The one note the Conservatives can’t seem to avoid is the note of smugness and arrogance – about the election, about everyone else’s finances, about whatever issue they discuss.

The Conservatives insist that Canada’s economic record is light years ahead of the rest of the world.  And yet the Canadian economy actually shrunk in May, and the combined debt of all governments in Canada – the number that matters in a federal country where provinces can borrow on the open market – is well over a trillion dollars.  We have no grounds for smugness, and no basis for arrogance.

- Bob Rae

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  1. Avatar of Garry Cornel Garry Cornel said on

    Well said Mr. Rae! This is the kind of statement that we need to see and hear on a regular basis. Unfortunately it is a sermon to the converted. Judging by the number of posts to this blog we (the LPC) are not stirring any hearts as yet. I think the party has a window of perhaps one year where we can try to enunciate vision and policies and then we will need to lock into the Tory POISON GAS campaign. Money is everything. Party members need to put their hands into their pockets, remembering how little a maximum donation will cost.
    It is to be hoped that the LPC will find additional ways to raise funds. While there is considerable enthusiasm at what we may call “grass roots” level there is no spark in the “grass tops”. Volunteers like me, NOT long-term party members but supporters nevertheless, who have chosen this time of crisis to join the LPC need to see some evidence that the party really does want to change and become truly democratic in an effort to truly represent the Canadian People.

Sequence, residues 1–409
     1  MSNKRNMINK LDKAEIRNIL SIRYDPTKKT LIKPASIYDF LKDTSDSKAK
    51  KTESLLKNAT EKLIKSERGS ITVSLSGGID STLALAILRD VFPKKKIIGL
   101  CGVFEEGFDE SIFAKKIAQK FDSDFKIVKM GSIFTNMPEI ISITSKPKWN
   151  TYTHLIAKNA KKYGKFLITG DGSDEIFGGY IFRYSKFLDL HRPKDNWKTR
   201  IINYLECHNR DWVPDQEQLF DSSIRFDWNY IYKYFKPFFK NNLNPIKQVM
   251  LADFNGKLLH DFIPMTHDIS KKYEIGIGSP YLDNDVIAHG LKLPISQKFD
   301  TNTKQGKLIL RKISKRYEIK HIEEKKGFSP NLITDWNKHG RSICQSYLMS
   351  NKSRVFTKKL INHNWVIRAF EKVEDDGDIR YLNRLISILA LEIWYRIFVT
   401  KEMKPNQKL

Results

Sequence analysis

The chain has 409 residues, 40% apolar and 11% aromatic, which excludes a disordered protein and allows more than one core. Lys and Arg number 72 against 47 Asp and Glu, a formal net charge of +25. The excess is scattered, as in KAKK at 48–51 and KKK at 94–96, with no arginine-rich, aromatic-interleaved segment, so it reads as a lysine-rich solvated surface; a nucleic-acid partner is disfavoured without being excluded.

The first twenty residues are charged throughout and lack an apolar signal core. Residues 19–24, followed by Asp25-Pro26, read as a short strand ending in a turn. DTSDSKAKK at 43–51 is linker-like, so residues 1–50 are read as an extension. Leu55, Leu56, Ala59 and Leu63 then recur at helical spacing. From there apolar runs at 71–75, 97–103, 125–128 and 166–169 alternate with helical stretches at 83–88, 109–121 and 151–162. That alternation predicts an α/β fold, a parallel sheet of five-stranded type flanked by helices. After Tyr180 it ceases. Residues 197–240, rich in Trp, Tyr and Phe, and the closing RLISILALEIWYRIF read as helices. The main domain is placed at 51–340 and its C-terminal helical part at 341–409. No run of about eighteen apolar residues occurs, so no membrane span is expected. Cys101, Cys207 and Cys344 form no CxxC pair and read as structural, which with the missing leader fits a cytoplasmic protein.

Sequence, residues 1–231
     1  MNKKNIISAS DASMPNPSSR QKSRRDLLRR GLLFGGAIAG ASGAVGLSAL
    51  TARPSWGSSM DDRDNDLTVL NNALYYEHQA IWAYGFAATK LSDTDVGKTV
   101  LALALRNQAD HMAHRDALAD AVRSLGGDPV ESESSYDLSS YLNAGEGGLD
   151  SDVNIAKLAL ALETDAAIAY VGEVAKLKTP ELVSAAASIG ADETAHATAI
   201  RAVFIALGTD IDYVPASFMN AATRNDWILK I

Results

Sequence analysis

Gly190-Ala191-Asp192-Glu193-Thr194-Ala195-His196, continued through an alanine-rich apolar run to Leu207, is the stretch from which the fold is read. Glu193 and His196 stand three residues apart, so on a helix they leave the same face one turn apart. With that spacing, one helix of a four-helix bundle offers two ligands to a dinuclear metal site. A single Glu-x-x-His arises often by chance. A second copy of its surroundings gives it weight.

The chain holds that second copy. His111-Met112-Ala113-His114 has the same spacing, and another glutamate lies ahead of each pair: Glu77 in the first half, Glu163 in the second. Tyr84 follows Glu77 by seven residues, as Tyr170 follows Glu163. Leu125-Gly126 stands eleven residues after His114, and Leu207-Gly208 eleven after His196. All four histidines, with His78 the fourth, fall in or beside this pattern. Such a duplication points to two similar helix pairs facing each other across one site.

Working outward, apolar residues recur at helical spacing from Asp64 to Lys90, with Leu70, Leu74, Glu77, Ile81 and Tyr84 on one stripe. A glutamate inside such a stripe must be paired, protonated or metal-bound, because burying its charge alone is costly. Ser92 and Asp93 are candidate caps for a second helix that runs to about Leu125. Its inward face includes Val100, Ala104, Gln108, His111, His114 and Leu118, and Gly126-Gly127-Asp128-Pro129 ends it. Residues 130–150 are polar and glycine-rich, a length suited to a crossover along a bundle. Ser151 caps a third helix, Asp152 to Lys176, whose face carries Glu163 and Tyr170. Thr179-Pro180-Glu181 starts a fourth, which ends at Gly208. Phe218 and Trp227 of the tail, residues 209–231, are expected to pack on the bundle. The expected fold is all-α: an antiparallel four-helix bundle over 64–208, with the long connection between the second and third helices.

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    • Avatar of William Stephenson William Stephenson said on

      As a new member (impelled to join to replace the per vote sum that the CPC said it wil eliminate) I keep asking for an officia set of corevalues to use when talking to non-members & voters,all tono avail.

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      • Avatar of André Brisebois André Brisebois said on

        Hi William,

        The following is taken from the Preamble of the Party’s Constitution (found in the Party documents section):
        “The Liberal Party of Canada is committed to the view that the dignity of each individual man and woman is the cardinal principle of democratic society and the primary purpose of all political organization and activity in such a society.